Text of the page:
William Ferris, Johnson’s attorney, of counsel to Islandia-based Bracken Margolin Besunder LLP, argues that police used scare tactics to coerce Johnson’s confession.
During cross-examination of Soto and McQuaid, Ferris contended that although his client was cooperative with police and had willingly met with them on multiple occasions, they waited for him to leave his house, knowing that Johnson had 13 suspensions on his license, then arrested him for driving with a suspended license. Ferris told the jury his client was brought to police headquarters in Yaphank, arguing that it is not police procedure to bring traffic violators to police headquarters for processing, but to a local precinct. He also said his client was essentially brought into a “police fortress” where he was isolated and “no longer in public view,” surrounded by law enforcement for those six hours before Johnson gave his confession.
Ferris also made sure jurors knew that Dartinian, Johnson’s brother, was arrested on an outstanding warrant for a traffic violation and also brought to police headquarters, again not not common practice for that offense, to put pressure on Johnson to confess to the murder during this time, he argued.
Johnson had told police before that he was very close to Dartinian and it was when police told him that his brother was also in custody that Johnson agreed to give the confession, Ferris said.
Soto testified that before the confession, Johnson told him, “My brother had nothing to do with this…Detective I’m serious, I’ll tell you the truth.”
Johnson then asked to see his brother and have a cigarette, according to Soto. He added that after meeting with his brother, Johnson was upset and told Dartinian “You have nothing to worry about, it’s all on me, I love you.” And then again told detectives, “You have to believe me, my brother had nothing to do with this.”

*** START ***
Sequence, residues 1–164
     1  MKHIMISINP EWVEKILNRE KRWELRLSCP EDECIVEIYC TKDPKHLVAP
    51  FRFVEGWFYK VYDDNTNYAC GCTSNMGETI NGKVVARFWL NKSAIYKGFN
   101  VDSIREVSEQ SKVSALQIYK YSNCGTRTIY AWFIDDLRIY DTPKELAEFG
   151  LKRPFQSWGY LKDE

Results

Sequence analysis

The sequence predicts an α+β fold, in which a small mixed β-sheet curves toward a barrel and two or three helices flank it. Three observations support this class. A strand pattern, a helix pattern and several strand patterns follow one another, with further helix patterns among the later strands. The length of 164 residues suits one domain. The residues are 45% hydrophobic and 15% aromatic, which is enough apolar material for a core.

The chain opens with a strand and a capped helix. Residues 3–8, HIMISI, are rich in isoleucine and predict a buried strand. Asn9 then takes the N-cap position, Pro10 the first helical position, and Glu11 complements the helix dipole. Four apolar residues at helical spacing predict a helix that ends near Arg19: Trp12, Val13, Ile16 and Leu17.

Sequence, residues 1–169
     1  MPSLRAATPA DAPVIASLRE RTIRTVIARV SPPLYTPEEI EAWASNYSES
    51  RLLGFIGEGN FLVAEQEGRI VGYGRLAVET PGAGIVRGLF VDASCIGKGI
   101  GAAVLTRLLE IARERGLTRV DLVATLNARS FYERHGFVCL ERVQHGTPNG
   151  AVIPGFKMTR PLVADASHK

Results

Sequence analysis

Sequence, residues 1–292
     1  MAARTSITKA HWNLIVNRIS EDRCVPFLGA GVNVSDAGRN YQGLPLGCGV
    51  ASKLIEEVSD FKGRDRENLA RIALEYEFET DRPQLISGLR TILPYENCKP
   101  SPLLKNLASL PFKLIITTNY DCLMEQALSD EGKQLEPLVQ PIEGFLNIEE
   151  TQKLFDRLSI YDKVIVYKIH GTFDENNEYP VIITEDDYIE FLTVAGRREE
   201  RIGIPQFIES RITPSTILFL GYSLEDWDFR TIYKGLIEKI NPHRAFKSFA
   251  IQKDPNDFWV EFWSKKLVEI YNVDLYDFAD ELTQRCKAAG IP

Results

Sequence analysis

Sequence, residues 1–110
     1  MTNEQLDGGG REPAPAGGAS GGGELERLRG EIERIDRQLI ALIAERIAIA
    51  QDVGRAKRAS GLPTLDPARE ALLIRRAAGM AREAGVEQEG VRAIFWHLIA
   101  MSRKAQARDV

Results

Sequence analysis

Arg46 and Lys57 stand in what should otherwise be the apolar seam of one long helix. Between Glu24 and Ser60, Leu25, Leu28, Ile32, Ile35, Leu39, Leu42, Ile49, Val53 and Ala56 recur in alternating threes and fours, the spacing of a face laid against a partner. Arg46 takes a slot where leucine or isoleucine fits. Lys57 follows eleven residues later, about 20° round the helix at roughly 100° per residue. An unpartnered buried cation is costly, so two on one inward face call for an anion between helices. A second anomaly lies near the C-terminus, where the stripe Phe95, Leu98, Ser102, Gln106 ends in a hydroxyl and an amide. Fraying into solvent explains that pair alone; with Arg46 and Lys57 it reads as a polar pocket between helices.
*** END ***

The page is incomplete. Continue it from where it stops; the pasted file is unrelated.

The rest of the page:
It was at this time that Johnson gave details of the alleged events to police. Soto said it was 12:05 a.m. when the written statement was completed. At that point, Ferris contended, his client had been in police custody for 10 hours.
“Did you give Chad Johnson the opportunity to call his family?” he asked McQuaid. The detective answered “No” and said Johnson had never asked to speak to anyone, including a lawyer, the entire time he was in police custody.
Ferris also pointed to inconsistencies in Johnson’s confession. Johnson first told police he dumped Papain’s clothes at Gilgo the day after the murder, but later said he dumped them several days after the murder.
The defense attorney additionally argued that there were details absent in the confession that would have been there had Johnson committed the murder. There is nothing in the statement “That said she resisted, scratched or pushed him away” and “Nothing about screaming or noises she made,” Ferris contended.
And he said the cadaver dog gave a strong indication that Papain’s body was in the trunk, but Johnson said in the written statement he had Papain’s body on the floor of the backseat.
Ferris also attacked the transmission of the confession itself, arguing it was handwritten by Det. Soto, not Johnson.
Soto countered that was police protocol and Johnson had dictated it verbally to him.
Ferris also found fault in that the police immediately went after the top charge of murder, and nothing else.
“You didn’t charge Chad Johnson with anything related to disposal of the body, hindering prosecution or attempted theft?” Ferris asked Soto.
Yet this wasn’t the first time—or even second time—Johnson had allegedly been violent with women, prosecutors said.